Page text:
Linked by Thom Holwerda on Sat 4th Aug 2012 04:17 UTC
Hardware, Embedded Systems "Quick - name the most important personal computer of the late 1970s and early 1980s. Those of you who mentioned the legendary Apple II - that's fine. I respect your decision. Forced to think objectively in 2012, I may even agree. But if you just named Radio Shack's TRS-80, you made me smile. Your choice is entirely defensible. And back in the TRS-80's heyday, I not only would have agreed with it but would have vehemently opposed any other candidate."
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If you wanted to anything but play games, the BBC Micro was the machine of choice. The best OS, the best BASIC, the best disk system, the best ROM/sideways RAM system and the best keyboard of any 8-bit micro ever.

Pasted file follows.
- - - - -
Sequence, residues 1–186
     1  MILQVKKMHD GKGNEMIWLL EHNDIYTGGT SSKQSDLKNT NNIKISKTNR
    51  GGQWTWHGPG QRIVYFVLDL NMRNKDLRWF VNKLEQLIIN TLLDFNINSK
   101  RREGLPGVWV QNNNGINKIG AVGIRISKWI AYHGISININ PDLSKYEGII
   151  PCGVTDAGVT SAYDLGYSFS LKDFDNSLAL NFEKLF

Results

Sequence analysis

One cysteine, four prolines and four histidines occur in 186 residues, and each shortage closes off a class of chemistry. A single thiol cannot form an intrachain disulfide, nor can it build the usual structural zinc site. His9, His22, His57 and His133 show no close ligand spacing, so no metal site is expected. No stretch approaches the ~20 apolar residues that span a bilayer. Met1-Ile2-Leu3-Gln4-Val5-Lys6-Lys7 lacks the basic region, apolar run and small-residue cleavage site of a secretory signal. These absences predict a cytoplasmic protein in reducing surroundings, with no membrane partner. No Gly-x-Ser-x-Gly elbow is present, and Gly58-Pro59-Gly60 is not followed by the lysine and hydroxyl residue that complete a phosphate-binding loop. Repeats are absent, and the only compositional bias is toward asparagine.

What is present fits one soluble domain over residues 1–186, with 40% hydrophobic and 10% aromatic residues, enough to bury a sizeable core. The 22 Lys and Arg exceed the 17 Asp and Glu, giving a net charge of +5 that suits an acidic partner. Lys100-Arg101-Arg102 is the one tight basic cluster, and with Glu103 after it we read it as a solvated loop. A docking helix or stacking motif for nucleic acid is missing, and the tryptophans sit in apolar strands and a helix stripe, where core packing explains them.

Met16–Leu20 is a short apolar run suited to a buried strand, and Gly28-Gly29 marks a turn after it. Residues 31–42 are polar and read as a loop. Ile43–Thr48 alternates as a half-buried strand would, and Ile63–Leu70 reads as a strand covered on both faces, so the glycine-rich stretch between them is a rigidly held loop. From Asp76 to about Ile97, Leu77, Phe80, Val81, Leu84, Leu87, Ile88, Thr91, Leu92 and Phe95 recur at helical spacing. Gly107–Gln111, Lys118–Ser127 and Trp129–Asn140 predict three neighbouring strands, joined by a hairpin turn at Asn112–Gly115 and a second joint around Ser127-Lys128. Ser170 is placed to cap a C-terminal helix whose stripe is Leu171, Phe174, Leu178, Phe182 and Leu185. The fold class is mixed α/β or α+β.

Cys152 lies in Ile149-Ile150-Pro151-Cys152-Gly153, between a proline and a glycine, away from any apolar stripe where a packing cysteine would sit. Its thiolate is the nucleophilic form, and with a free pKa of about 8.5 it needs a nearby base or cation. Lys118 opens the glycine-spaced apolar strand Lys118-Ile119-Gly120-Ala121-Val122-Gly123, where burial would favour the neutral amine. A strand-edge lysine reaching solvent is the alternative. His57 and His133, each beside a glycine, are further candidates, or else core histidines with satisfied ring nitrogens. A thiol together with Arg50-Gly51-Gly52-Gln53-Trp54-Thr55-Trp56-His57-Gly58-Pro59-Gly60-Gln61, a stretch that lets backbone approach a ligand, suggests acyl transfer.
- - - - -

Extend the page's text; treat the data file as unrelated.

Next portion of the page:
I don't think so. All of that is wonderful, and I remember using some of it in school. Unfortunately, it doesn't alter the fact that the BBC was unloved and really only ever used inside schools. It's not like the Apple 2 at all. The Apple 2 is pretty much adored in the US - if you are of a certain age, even if you now hate Apple, you have sweet memories of the Apple 2 (or so it seems..) But the BBC just reminds me of sitting in Computer Studies and being bored. Or the disappointment that was the Doomsday project. Or some really crap educational software. Very few average kids outside of affluent areas owned a BBC. Most owned a Speccy. I think enough of the old school innovators made a tonne of cash back in the day writing Spectrum software to disprove what you're saying.. or are you claiming they didn't write "serious" software? Unfortunately, the BBC was a niche throughout the entire run, and the Arc was much the same. The fact the A3010 failed so hard is a testament to that. The problem is really that old school BBC users have a superiority complex. ;)

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